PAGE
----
1. Information, Referral and Training  - Knowing your rights can empower people with disabilities to get the services or help they need. For this reason and because we do not have enough resources to represent everyone who contacts us, DLC provides information, advice and/or written materials to every eligible caller. As part of our established protocols, our goal is to provide all P&A-eligible callers some level of information and referral (I&R) when their issue falls outside our priorities.  DLC provides training on disability rights including special education, resident/patient rights in facility settings, anti-discrimination laws in housing and employment, mental health laws, voting rights, and self-advocacy. We offer training to groups across the state that builds advocacy skills and knowledge of specific areas of law.  DLC also provides extensive technical assistance to disability or legal professionals who call us daily requesting information and advice on a number of issues impacting people with disabilities.

  2. Monitoring - DLC monitors facilities where people with disabilities live or receive services to prevent, detect, and address instances of abuse, neglect or exploitation. Our monitoring activities may include (1) face-to-face interviews with individuals with disabilities living in the facility, (2) face-to face interviews with staff members working in the facility, (3) observation and evaluation of the physical conditions of the facility, and (4) a review of records, when appropriate, in accordance with applicable federal and state law. Our primary goal is to ensure that the residents’ rights are protected and that they are living in a safe environment with opportunities to participate in activities important to them, such as recreational activities and work. Also during our monitoring visits in institutional settings, we identify individuals who could and want to live in the community if they had the proper supports and services.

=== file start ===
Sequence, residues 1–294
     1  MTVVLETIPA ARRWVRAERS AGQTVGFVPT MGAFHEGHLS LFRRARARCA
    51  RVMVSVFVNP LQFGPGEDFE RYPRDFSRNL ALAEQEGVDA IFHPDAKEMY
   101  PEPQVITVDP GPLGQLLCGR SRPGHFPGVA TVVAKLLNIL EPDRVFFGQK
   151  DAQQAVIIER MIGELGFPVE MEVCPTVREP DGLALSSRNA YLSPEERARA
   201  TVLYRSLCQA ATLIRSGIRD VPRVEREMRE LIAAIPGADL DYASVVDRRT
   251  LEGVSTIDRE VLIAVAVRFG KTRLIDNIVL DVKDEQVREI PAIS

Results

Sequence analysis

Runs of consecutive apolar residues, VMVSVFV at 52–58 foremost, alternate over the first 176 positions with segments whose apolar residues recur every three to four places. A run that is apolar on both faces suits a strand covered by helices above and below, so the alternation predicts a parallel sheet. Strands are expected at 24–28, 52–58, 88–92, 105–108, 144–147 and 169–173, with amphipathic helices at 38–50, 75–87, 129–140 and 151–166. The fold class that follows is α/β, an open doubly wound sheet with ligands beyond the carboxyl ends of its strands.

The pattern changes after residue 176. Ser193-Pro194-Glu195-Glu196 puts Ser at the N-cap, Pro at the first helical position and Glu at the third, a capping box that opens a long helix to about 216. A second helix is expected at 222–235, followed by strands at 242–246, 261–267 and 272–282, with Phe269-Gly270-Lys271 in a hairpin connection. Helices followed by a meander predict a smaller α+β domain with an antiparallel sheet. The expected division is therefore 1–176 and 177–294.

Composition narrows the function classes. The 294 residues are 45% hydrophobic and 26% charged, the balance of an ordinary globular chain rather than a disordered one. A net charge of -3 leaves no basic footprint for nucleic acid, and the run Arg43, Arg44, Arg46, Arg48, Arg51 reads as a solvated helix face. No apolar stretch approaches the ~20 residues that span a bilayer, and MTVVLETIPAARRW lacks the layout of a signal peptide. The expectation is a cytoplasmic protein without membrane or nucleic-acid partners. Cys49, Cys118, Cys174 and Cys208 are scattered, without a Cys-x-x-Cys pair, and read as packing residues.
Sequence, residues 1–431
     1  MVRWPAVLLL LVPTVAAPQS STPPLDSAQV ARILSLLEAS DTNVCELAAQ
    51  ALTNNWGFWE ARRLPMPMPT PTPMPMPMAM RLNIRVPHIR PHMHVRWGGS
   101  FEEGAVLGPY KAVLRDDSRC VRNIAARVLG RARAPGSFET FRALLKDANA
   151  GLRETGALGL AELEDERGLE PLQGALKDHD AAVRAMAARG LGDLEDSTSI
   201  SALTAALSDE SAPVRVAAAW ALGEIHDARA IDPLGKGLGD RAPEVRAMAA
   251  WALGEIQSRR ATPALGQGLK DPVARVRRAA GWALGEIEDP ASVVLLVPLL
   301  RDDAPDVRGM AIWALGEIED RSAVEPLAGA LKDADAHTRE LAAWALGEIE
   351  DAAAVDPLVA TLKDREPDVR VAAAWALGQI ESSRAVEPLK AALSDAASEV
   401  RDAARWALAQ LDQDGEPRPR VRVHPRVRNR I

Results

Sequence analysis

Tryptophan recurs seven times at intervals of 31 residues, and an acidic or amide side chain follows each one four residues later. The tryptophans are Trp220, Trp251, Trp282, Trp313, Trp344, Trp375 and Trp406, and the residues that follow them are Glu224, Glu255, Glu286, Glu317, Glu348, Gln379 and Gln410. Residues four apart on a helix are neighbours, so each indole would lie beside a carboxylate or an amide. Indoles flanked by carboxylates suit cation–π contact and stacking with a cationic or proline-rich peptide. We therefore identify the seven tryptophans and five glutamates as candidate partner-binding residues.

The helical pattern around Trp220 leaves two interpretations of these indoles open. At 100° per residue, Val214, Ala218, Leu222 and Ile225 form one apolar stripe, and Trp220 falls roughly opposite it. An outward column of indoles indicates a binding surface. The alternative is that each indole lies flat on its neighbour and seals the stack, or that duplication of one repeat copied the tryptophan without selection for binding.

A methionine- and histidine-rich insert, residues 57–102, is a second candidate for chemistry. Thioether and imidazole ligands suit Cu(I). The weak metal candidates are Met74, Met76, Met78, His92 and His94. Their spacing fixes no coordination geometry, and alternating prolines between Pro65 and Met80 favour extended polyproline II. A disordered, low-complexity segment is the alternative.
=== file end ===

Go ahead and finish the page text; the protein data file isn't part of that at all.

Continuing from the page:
3. Investigations - In situations where we believe serious abuse or neglect may have occurred, we conduct an investigation. The investigation is a thorough examination of information, records, evidence and circumstances surrounding the allegation of abuse and neglect. Investigations are distinct from advocacy and require a significant allocation of time and resources for activities such as interviewing witnesses, gathering evidence, and generating a written report which may or may not be released publicly. Because of our limited resources, we focus on investigations where the outcome may be systemic change resulting in a better quality of care for large groups of people with disabilities.

  4. Legally-based Advocacy Including Individual and Systems Advocacy - DLC represents the interests of individuals both individually and systemically in the courts and other legal forums. This is the work that is tied to our priorities and includes the cases we take to represent one person as well as class action lawsuits we file to address widespread legal violations.  The priorities for the types of cases we will take under this core function are as follows:




DLC will focus on housing cases that meet the criteria required by our funding provider, the United Way of Mass Bay and Merrimack Valley service area (Greater Boston and the North Shore).   Cases DLC accepts will involve issues that will result in an individual or family retaining the housing or housing subsidy they have.